Adding a removable Antenna to your WRTSL54GS

Over the past few months I’ve been contemplating a few projects for some WRTSL54GS routers with OpenWrt, however I really need these to have a high gain antenna on the WRTSL54GS. As you may recall, this model has a fixed antenna, with no option for adding one. I decided that I needed to fix that “design flaw”.
Note: By adding various antennas to this device it may become possible to violate your local or federal regulations on output power. Be careful!
First off, we need to open the WRTSL54GS up. The screws are located under the rubber feet. Once apart, we need to de-solder the current, fixed antenna from the board. Follow the LMR cable from the antenna to the board, and de-solder both strands of the LMR from the board.
Once removed, the board should reveal two pads on which we need to solder our new connector.

bare board.jpg

Once de-soldered, we can remove the antenna from the case by pinching the end of the antenna on the inside of the connector. This will compress the size so that the outer locking ring will pass through the mount.


We need to make sure that we have an appropriate connector to attach a new antenna to. I happened to have scavenged parts from an old Linksys BEFSX series model. This old router had an internal PCMCIA card with two pigtails, one end with the standard RP-TNC antenna connector.

spare parts.jpg

I removed the connector at the other end of the cable, as it is not important. I gave it a good pull, but certainly a pair of wire cutters will get the job done.
Strip the LMR cable back so that the inner and outer conductors are staggered. Match up the lengths that you need with the two pads to verify your length – the smaller inner conductor will be attached to the smaller pad on the board, while the outer conductor will be attached to the larger pad. Don’t solder them together! This will create a short, and render your antenna inoperable, possibly even frying your router!


We also need to modify the case so that the external portion of the connector will fit through. My connector at the base was 3/4 of an inch, so I drilled a 3/4 inch hole into the edge of the case, right near the original connector.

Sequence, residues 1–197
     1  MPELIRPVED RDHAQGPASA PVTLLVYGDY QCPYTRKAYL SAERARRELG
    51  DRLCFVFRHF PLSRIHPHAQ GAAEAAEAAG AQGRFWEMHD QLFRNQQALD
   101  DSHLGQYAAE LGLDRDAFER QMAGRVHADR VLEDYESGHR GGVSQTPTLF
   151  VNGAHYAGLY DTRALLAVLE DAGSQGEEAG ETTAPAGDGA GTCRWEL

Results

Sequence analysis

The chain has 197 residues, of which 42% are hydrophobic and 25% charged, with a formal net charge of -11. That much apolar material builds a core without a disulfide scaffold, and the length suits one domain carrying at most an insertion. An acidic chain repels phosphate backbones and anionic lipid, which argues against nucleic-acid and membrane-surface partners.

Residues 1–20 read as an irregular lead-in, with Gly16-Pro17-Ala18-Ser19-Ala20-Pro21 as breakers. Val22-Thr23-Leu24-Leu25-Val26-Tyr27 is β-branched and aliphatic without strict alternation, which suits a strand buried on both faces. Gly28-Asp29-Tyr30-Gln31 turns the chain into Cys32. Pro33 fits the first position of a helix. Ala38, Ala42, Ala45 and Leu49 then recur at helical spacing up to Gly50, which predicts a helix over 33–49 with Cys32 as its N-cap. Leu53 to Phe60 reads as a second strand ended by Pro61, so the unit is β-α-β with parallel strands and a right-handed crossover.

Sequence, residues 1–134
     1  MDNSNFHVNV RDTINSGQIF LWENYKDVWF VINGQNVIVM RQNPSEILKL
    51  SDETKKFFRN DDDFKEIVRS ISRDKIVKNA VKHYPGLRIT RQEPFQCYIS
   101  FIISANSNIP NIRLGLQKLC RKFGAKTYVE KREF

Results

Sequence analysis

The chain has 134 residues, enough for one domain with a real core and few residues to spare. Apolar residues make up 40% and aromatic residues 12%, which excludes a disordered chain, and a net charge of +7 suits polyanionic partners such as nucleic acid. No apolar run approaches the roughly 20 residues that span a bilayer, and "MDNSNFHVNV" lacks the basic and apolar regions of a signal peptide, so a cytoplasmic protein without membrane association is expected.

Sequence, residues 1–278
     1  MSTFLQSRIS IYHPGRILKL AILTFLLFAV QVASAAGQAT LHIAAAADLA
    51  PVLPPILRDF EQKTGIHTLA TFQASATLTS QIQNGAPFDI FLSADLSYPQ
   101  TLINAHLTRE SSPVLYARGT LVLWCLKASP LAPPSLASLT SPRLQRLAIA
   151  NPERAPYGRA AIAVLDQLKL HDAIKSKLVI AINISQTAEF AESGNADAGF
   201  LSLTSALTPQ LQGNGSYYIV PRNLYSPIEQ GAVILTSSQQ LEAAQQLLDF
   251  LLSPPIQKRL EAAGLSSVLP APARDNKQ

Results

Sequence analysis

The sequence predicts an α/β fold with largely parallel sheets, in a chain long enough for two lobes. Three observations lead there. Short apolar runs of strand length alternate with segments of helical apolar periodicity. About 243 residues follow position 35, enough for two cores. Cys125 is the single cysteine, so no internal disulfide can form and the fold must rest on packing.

new mount.jpg

Part of the selection of this location was so that it would still be at the top of the unit, and the board has a notch out of it at this location. The notch leaves a handy place to be able to fit the additional portion of the connector between the board and the edge of the case.


Once mounted, solder the LMR form our new connector to the board as described earlier. I utilized some electrical tape to maintain the bend in the LMR and to hold it down to the board. This allows me to have both hands free to solder!


Once complete we can reassemble our router and show off our new connector.

complete no antenna.jpg

One of the nice features of using the RP-TNC connector is that we can reuse antennas from most of our other Linksys devices!


Have fun adding new antennas!
– Larry “haxorthematrix” Pesce
larry /at/

Larry Pesce

Larry’s core specialties include hardware and wireless hacking, architectural review, and traditional pentesting. He also regularly gives talks at DEF CON, ShmooCon, DerbyCon, and various BSides. Larry holds the GAWN, GCISP, GCIH, GCFA, and ITIL certifications, and has been a certified instructor with SANS for 5 years, where he trains the industry in advanced wireless and Industrial Control Systems (ICS) hacking. Larry’s independent research for the show has led to interviews with the New York Times with MythBusters’ Adam Savage, hacking internet-connected marital aids on stage at DEFCON, and having his RFID implant cloned on stage at Shmoocon. Larry is also a Principal Instructor and Course Author for the SANS Institute for SEC617: Wireless Penetration Testing and Ethical Hacking and SEC556: IoT Penetration Testing. When not hard at work, Larry enjoys long walks on the beach weighed down by his ham radio, (DE KB1TNF), and thinking of ways to survive the impending zombie apocalypse.

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